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Lesson Series

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Andy James - Mirrored String Skipping Arpeggios

Lesson Notes

** As featured in issue 21 **

Hey all and welcome to another Metal Edge. This month we'll be digging into a concept I like to call “Mirrored String Skipping Arpeggios” which will open up your options for playing arpeggios.

The basic idea is that there are a series of arpeggio shapes (minor and major 7 for example) where if we skip out some strings we're left with some patterns that “mirror”, so for example a major 3rd on the A, a semitone on the G and another major 3rd on the high E string. The result is a slightly less predictable sound than the typical up and down arpeggios you hear from sweep pickers like Yngwie Malmsteen or Jeff Loomis.

I should point out, I don't love this approach because it's in some way “better” than sweep picking, but as I've said over these columns, I tend to avoid sweep picking because I always found it harder than the alternatives. Paul Gilbert talked about this in great detail on his Intense Rock DVD where he demonstrates the melodic possibility of playing arpeggios using string skipping.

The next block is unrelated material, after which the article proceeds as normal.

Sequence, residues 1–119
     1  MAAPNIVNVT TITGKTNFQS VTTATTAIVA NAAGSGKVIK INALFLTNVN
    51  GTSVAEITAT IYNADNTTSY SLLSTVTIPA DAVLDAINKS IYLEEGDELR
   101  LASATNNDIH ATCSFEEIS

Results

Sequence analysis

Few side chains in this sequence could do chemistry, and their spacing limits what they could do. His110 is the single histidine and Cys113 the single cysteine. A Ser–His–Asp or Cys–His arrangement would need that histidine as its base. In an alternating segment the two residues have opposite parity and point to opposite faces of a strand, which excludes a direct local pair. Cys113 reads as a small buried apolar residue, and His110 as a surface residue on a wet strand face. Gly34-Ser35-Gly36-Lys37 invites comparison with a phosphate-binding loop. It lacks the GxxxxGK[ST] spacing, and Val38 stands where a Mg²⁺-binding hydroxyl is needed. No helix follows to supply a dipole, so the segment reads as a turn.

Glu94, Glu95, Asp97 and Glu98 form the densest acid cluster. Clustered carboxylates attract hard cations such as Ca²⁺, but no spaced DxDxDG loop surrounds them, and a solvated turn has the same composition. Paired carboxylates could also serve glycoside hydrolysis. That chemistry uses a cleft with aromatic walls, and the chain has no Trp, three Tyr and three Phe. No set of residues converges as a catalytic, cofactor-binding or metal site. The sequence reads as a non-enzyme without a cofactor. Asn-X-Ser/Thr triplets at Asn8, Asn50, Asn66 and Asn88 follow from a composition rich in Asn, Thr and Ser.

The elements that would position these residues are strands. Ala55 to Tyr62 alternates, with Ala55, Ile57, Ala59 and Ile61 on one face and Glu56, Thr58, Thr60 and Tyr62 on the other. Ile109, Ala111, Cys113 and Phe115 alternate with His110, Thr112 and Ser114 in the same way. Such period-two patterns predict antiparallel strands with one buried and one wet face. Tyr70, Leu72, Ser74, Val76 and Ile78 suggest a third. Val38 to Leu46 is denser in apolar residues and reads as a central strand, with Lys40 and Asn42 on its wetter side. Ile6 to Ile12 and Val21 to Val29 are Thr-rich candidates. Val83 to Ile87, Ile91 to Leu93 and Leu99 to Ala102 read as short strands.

What it comes down to is that string skipping allows me to “sequence” my arpeggios a little better. What this means is that I don't have to play C E G B C E G B C as you might when sweeping because it's difficult to change direction mid way through an arpeggio. With this string skipping approach I could play C E G E G B C B G E G B C E G B G B C and so on. In the tab file I've demonstrated this on the second example.

Check out the tab file and you'll see a few examples transcribed of things I play in the lesson. The first exercise is just the arpeggios played moving down the neck, you'll often hear shapes like these in the playing of guys like Carl Verheyen and even Greg Howe so spend some time getting them under your fingers so you can build up speed.

The beauty of these shapes is that you can easily expand on them by sliding around, or even adding taps. In example 3 I've added a tapped note on top of the C major 7 pattern, but this could be added to any one of the arpeggios to cover more range.

In example 4 I've demonstrated some Richie Kotzen-esque phrases that use sweep picking and legato to get a more fluid sound. It was that fluid sound that pushed me down this arpeggio route because they just sound so much smoother than the more aggressive sounding sweep picking technique.

Another way to extend these ideas is to add a right hand tap giving you three notes on each string. This technique is a favourite of players like Greg Howe and Michael Romeo and when played side by side with sweep picking gives you a totally different, more slippery feel.

To finish up the lesson I've improvised a long line using this technique that you can practice using the tab. You may gain some benefit from learning what I played, but I would encourage you to take it in your own direction and some up with some of your own licks.

Next issue we'll lay off the technique side of things with a slice of bending and vibrato, so be prepared to really start making your playing sing.

Until then, stay metal!


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